Effectively, Adoboli together with a colleague, with their limited experience, were left to run UBS’ $50bn trading just after most senior and middle managers had left knowing the trouble UBS was going through.
Adoboli, who felt trusted with such a huge amount was determined to salvage the company’s dwindling fortunes.
With just 10 months of experience on UBS’ trading book, Adoboli’s plight was even worsened by the 2007-2009 global financial crisis that wreaked havoc in financial markets across the globe, collapsing Lehman Brothers (one of the biggest investment banks in the world).
UBS, which was hit with a $60bn loss in the subprime market, was also going through an existential crisis with most of its senior managers, the veteran banking superstars, who built the bank It had become resigning.
According to Kweku, “They saw the tsunami that was coming, they saw the crushed bonuses, the volatile markets, so they left.”
Meanwhile, the effect of the 2007-2009 global financial crisis that completely dislocated the market and its telling impact on UBS cannot be sidelined in narrating Kweku’s story.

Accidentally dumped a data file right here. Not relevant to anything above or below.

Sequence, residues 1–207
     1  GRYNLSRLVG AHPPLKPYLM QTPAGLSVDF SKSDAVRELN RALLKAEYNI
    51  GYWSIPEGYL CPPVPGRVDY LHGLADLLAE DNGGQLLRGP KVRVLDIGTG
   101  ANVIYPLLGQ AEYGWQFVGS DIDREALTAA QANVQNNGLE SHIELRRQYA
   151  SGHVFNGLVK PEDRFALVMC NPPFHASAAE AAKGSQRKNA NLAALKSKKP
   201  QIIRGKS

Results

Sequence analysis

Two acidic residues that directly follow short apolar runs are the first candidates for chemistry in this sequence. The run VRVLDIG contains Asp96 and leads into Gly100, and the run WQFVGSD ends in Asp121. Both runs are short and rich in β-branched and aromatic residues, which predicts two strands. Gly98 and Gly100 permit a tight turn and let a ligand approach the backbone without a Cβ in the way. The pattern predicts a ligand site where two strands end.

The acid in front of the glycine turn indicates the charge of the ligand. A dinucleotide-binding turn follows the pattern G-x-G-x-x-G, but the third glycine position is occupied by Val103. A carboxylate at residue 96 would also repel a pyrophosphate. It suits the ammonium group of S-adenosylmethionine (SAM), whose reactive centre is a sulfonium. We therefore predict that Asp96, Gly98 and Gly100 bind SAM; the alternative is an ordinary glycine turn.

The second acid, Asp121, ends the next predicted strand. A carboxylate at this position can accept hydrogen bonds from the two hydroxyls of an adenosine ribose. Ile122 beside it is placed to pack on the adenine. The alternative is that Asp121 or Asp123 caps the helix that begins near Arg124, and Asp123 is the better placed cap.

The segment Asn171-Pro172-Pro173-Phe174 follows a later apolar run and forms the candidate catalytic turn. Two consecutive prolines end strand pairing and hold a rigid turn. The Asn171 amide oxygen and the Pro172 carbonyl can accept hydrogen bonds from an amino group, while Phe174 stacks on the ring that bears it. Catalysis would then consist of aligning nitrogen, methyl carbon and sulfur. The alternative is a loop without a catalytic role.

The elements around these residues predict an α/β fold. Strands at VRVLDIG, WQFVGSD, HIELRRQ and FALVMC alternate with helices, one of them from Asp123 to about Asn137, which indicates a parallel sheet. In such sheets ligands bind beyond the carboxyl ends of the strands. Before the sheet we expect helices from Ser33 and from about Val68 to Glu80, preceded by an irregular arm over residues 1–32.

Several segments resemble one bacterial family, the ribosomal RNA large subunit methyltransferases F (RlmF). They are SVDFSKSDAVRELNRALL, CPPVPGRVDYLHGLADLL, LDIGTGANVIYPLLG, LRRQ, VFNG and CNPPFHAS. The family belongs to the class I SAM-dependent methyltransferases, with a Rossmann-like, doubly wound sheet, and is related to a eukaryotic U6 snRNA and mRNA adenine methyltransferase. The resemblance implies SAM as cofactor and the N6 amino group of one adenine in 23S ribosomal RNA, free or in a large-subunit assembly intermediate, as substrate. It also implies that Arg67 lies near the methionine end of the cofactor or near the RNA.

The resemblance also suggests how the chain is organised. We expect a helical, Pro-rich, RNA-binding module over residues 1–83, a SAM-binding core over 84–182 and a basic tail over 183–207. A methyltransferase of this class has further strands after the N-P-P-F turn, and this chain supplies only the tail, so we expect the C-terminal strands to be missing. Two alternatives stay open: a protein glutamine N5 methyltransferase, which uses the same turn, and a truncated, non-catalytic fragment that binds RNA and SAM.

All these challenges (thus a dislocated and volatile market, global financial crisis, UBS existential crisis) culminated to daily loses of millions of dollars for UBS as well as Adoboli’s ETF desk.
Adoboli, who often mastered the courage, approached his senior managers to lodge complaints about the challenges they are facing, was often turned away, and eventually, his team stopped asking and tried to develop their own system.
Together with his team, Adoboli created an internal slush fund he calls the ‘umbrella’, which is to store, skimmed profits that he and others could later sprinkle back in to cover daily losses.
Not without violating some legal accounting procedure Adoboli’s Umbrella was a success and UBS had survived the crisis.